China Three Child Policy Too Little Too Late

China has announced that it will allow couples to have up to three children after the 2020 census data showed a steep decline in birth rates.

Above is a chart (from the UN Family Planning Administration) of how many have three or more children in other countries. China has fallen into the low fertility country level. Like Japan or Spain, China might have 10-16% of women willing to have a third child. If China had started this policy back when they had medium-fertility a third child policy might have had 30-40% of women willing to have a third child.

Very low fertility does not reflect very low family size preferences. Women across Europe and other highly developed regions persistently express a strong preference for having two children; the mean ideal and intended family size stays at or above two children per woman. Countries with very low fertility often display a wide gap between fertility aspirations at younger ages and achieved fertility later in life, signaling that many women, men and couples face obstacles in realizing their fertility plans.

Under the new dual-earner model, rigid and demanding labor market, characterized by long working hours and limited work flexibility, negatively affects parenthood decisions. This is especially the case in East Asian countries and territories (Japan, Republic of Korea, Hong Kong SAR, and Taiwan Province of China), where long work hours, particularly among men, clash with extensive responsibilities mothers shoulder in relation to their children’s education and upbringing.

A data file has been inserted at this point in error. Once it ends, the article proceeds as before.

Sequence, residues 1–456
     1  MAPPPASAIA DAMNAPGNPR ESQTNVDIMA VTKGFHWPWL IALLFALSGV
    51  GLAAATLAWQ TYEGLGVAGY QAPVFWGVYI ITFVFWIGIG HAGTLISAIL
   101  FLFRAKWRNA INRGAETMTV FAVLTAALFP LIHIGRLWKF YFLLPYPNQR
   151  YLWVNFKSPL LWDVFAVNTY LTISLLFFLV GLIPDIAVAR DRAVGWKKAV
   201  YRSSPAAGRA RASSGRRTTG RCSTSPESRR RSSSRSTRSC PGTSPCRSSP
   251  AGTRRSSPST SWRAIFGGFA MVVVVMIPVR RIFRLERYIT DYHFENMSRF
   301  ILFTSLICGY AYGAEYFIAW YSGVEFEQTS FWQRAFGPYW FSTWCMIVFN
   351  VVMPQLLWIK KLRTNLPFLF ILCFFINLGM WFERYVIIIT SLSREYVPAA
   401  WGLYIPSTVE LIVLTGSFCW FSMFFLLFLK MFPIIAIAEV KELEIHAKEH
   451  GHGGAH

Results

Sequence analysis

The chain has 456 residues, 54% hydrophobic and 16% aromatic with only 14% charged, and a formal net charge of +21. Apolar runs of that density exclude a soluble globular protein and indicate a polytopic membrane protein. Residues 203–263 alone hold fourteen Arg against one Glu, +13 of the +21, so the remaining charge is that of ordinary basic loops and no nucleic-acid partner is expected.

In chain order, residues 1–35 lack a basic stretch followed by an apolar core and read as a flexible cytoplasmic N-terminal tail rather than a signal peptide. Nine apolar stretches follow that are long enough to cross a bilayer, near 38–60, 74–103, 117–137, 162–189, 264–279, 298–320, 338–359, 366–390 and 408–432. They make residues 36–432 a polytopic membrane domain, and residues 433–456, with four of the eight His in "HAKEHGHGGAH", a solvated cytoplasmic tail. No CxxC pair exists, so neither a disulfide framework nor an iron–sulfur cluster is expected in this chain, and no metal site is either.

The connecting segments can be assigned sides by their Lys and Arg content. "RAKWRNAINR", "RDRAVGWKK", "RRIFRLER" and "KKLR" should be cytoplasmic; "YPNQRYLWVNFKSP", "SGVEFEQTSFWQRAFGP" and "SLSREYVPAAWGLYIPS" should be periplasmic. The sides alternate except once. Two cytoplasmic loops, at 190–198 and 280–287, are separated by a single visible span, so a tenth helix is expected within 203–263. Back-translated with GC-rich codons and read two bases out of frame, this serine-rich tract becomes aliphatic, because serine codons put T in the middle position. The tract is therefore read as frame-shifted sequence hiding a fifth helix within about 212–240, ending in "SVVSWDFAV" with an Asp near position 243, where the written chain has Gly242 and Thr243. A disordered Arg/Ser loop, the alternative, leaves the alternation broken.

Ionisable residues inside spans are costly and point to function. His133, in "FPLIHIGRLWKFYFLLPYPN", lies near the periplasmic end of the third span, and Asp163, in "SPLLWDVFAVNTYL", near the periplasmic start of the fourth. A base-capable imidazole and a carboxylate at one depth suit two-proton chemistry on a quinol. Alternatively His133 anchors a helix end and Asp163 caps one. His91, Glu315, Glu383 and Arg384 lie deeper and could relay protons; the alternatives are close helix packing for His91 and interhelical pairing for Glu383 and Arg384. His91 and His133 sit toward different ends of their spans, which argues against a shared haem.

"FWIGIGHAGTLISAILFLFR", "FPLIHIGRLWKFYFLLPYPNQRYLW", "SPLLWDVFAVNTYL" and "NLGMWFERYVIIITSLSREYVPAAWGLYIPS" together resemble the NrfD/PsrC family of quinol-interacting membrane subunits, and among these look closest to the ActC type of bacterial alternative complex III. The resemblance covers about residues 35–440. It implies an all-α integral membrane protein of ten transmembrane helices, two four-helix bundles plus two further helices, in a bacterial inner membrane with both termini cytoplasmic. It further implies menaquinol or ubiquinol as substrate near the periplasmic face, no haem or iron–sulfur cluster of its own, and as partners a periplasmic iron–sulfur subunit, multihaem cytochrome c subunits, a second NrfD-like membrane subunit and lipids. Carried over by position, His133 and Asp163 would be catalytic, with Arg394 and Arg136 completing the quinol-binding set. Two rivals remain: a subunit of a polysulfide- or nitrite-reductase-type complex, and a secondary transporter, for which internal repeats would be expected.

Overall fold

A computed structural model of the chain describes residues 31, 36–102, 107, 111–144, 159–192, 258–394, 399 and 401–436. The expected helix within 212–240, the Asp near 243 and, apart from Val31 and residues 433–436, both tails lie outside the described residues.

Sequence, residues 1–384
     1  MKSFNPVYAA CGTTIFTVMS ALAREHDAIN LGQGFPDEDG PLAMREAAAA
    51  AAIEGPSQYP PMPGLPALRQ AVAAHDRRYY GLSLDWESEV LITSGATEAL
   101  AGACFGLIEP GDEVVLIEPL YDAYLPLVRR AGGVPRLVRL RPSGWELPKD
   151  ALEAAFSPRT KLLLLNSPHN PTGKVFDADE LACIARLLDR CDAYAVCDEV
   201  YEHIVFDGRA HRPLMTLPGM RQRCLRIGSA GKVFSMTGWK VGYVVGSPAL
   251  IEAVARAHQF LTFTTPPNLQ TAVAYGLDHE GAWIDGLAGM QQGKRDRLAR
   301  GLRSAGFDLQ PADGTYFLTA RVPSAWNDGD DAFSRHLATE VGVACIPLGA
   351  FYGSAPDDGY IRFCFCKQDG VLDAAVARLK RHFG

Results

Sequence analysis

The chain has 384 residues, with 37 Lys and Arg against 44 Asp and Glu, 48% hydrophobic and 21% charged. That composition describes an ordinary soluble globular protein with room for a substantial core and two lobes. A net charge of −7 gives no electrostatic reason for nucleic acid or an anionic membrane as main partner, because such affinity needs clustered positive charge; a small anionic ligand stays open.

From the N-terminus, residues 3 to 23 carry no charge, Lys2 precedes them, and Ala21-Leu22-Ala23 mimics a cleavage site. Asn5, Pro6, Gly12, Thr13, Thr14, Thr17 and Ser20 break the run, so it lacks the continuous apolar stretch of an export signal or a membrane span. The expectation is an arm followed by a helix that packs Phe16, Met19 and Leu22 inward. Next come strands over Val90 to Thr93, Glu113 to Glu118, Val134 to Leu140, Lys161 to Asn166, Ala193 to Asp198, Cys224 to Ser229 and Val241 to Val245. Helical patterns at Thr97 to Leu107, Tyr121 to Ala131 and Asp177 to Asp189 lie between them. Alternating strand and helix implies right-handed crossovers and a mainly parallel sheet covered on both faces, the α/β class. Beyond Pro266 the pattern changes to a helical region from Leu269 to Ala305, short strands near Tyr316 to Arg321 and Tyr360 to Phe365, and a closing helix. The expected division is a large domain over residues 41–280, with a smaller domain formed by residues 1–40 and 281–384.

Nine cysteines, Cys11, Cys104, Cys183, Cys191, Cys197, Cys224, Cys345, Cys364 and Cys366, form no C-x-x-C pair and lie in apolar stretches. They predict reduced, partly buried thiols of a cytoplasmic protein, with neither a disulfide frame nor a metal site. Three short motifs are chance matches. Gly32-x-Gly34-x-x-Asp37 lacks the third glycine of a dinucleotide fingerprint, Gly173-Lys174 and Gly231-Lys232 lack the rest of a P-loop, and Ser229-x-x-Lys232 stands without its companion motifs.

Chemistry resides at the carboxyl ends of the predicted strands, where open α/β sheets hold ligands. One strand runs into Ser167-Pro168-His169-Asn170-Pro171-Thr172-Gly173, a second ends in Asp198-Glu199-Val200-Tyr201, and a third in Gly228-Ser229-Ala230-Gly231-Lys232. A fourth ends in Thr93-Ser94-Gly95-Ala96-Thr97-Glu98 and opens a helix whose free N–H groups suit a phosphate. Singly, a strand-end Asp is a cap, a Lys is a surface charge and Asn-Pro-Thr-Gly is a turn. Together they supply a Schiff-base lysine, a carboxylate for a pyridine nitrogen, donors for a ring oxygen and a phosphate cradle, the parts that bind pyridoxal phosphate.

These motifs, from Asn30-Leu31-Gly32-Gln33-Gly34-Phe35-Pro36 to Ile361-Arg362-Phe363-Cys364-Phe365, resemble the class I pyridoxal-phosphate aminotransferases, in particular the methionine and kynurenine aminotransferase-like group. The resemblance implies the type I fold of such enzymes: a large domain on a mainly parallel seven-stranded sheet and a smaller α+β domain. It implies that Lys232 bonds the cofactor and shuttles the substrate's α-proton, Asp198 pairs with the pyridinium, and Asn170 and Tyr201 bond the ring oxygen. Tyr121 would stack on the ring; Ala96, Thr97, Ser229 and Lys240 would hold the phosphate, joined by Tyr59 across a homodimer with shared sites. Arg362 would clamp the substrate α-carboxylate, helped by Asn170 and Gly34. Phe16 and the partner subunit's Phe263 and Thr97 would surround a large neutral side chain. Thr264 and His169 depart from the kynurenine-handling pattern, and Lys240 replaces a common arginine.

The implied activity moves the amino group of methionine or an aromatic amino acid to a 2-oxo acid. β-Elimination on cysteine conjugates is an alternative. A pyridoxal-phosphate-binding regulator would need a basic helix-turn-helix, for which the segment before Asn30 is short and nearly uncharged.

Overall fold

China’s birthrate is now less than half of the level from 1978-1900.

China’s policymakers are still unwilling to lift the birth policies entirely. They do not want too many rural children.

“If we free up policy, people in the countryside could be more willing to give birth than those in the cities, and there could be other problems,” a policy insider had earlier told Reuters, noting that it could lead to poverty and employment pressures among rural families.

The South China Morning Post reports that the three child policy is too little too late.

China needs to have a crash program to make childcare facilities, provide free childcare support and subsidize all aspects of birthing and raising children.

Some have said that Poland’s expanded child allowance program was a failure but a life studies analysis indicates that Poland got a 10% increase in fertility rate as a result of the program.

US child tax credits provide a present value benefit of $7000-17000 per child depending upon income level. There were proposals to increase the present value of the US child tax credits to $25000-30000 per child.

Taiwan and China are two separate countries. However, I will talk about the demographics of Taiwan as well. Taiwan is more economically developed than China on a per capita basis. Taiwan is view into a population that was unified about 70 years ago but Taiwan did not have the one child policy.

China should have completely flipped to pro-child policies over ten years ago. Taiwan had similar demographics to China. In 1951, the average Taiwanese woman would have seven children. In 2010, the fertility rate was 0.89. The population is expected to start shrinking in the next 15 years. Equally worrying is its rapid aging. About 14% of citizens are over 65. Within two decades, that will double. On current trends, it will become the oldest country in the world.

In his 2011 New Year’s Day Address, then-President Ma Ying-jeou declared the 0.89 TFR to be a national crisis. From 2011-2012, the Taiwan government introduced subsidies for childcare. The childcare subsidies were insufficient and better quality care was needed. Mothers gained the right to return to work after up to three years off.